10. Revolutionary Road

Some of the best romantic movies aren't uplifting stories of ideal relationships. The 2008 drama "Revolutionary Road" deconstructs the myth of the idealized suburban American couple by showing how restrictive a seemingly perfect marriage can be. The film was directed by the great Sam Mendes, who worked at the British West End Theater for many years before coming to Hollywood. Mendes brought the intimacy of theater to make the film feel more realistic and emotional.

"Revolutionary Road" begins during the late 1940s when idealistic longshoreman Frank Wheeler (Leonardo DiCaprio) meets aspiring actress April (Kate Winslet). April is enchanted by Frank's ambitions of traveling overseas and living a life of great adventure. Frank criticizes suburban couples by saying they've settled on not having extraordinary futures. However, when Frank and April marry, they decide to live in the same suburban environment that they once looked down upon. Their dreams of standing out slowly fade away.

9. Moulin Rouge!

There's no better way to express romance than through song. The 2001 musical "Moulin Rouge!" is set in Paris during the beginning of the 20th century, but it does not feature the French burlesque music that would have been used during the era. Instead, director Baz Luhrmann chose to use a jukebox soundtrack consisting of modern artists like Madonna, Elton John, Queen, and The Police among others. Although there was a risk that the contemporary hits would not fit within the historical setting, "Moulin Rouge!" succeeds as an untraditional and enchanting romantic musical.

Christian (Ewan McGregor), a poor writer, joins the production of a new stage show called "Spectacular Spectacular." The elaborate musical is being performed by an idiosyncratic group of bohemian artists led by Henri de Toulouse-Lautrec (John Leguizamo). As Christian grows involved in the artistic scene, he meets the dancer Satine (Nicole Kidman) and falls in love with her. Satine is caught in an arranged relationship with the Duke (Richard Roxburgh), a cruel bureaucrat, but works on the show to get closer to Christian.

8. Reds

Historical romance films have the power to explore critical issues that are still relevant. Warren Beatty examined the importance of journalism with his 1981 film "Reds," which was inspired by the life of war correspondent and activist John Reed. Reed was among the first American journalists to cover the revolutionary movement in Russia when the communist resistance rose up against the oppression of the Czars. Reed's 1919 novel "Ten Days That Shook the World" spotlighted his observations.

"Reds" tells Reed's story through his relationship with feminist journalist Louise Bryant (Diane Keaton). Bryant is first introduced to Reed's radical beliefs when she listens to one of his lectures. She grows fascinated by his idealism and joins his band of bohemian artists and activists. They become close, but Reed leaves her behind when he travels to St. Louis to witness the 1916 Democratic National Convention. During his absence, the playwright Eugene O'Neill (Jack Nicholson) begins his own pursuit of Bryant.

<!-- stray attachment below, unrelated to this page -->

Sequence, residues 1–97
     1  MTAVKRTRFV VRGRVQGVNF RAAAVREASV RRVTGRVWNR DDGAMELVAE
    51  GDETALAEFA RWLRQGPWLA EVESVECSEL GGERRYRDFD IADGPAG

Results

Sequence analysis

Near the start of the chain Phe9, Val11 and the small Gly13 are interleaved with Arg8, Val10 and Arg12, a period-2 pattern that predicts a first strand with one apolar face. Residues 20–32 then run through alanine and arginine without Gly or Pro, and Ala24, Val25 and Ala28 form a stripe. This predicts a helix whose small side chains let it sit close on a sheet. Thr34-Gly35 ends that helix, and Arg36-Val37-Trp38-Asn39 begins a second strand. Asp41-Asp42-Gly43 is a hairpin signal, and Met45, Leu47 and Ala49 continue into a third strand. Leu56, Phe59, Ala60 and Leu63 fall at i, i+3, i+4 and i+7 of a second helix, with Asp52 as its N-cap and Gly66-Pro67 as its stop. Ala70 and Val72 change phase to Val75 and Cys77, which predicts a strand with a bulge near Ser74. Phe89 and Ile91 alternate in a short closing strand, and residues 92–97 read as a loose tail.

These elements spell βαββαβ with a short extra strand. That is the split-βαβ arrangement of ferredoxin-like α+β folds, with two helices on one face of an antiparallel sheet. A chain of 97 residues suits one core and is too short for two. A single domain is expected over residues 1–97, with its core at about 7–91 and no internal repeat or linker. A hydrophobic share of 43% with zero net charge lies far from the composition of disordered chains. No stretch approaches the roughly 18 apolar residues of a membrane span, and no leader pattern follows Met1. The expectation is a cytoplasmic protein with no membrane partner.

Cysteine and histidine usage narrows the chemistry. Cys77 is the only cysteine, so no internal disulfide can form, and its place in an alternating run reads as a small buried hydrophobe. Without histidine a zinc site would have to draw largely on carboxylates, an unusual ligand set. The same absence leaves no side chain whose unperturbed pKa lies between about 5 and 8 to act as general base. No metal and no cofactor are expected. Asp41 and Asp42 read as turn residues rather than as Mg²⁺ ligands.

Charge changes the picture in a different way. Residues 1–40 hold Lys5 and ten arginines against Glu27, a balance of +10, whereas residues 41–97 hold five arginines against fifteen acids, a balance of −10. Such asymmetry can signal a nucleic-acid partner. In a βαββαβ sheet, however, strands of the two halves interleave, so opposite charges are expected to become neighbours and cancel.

7. Sense and Sensibility

Jane Austen's 1811 romantic novel "Sense and Sensibility" is one of the greatest works of literature ever written and perhaps the crowning achievement of Austen's career. In "Sense and Sensibility," Austen captures the purity of romance and the affectionate bonds that siblings have for each other. A big-screen adaptation of a novel of such acclaim faces high expectations from fans. Thankfully, Ang Lee's 1995 film brings Austen's words to life in immaculate detail.

"Sense and Sensibility" follows the Dashwood sisters, Elinor (Emma Thompson), Marianne (Kate Winslet), and Margaret (Emilie François), who all live together at a cottage in the English countryside. Although their brother John (Greg) promises their father (Tom Wilkinson) that he will share the family wealth between the four children, John's wife Fanny (Harriet Walter) pushes him to cut his sisters out of their inheritance. They live with their kind relative, Sir John Middleton (Robert Hardy), and watch over each other. Soon, each girl is courted by a different series of lovers.

6. Dangerous Liaisons

Pierre Choderlos de Laclos' classic 1782 French novel "Les Liaisons dangereuses" is a sordid tale of deceit and lust in wealthy high society. The novel exposes the web of secrets underneath the prestige of wealthy pre-Revolution France. The graphic sexual material is shocking, and Laclos' cunning wordplay creates a time capsule of the era. "Les Liaisons dangereuses" became a great historical document for future generations to learn what the French upper class was really like.

"Les Liaisons dangereuses" was adapted into a stage play in 1985 by acclaimed playwright Christopher Hampton. Hampton then adapted his own work into a screenplay for director Stephen Frears. Frears' 1988 film "Dangerous Liaisons" closely follows Laclos' story of a sordid gamble of seduction, and the edgy material is just as entertaining as it always has been.

"Dangerous Liaisons" stars Glenn Close as scorned woman Marquise Isabelle de Merteuil. Merteuil seeks revenge on her ex-husband and decides to sexually humiliate his young fiancee, Cécile de Volanges (Uma Thurman). She approaches another one of her ex-lovers, the scheming Vicomte de Valmont (John Malkovich), and challenges him to seduce Cecile. Valmont declines, as he is already attempting to court Madame de Tourvel (Michelle Pfeiffer), a married woman.

5. Days of Heaven

Terrence Malick's 1978 classic "Days of Heaven" examines how one mistake can create a heartbreaking scenario. Despite the tragic events of its plot, "Days of Heaven" is one of the most beautiful movies ever made.

The film is set in 1916 during the end of the Second Industrial Revolution. A  steelworker named Bill (Richard Gere) works a challenging job in a Chicago factory to provide for his girlfriend Abby (Brooke Adams). Bill plans to save money so he can propose. Tragedy strikes when he's blamed for the death of a coworker during a workplace accident. Bill and Abby are forced to go on the run, and they flee to the plains of Texas in order to hide their identities. Bill takes his young sister Linda (Linda Manz) with them.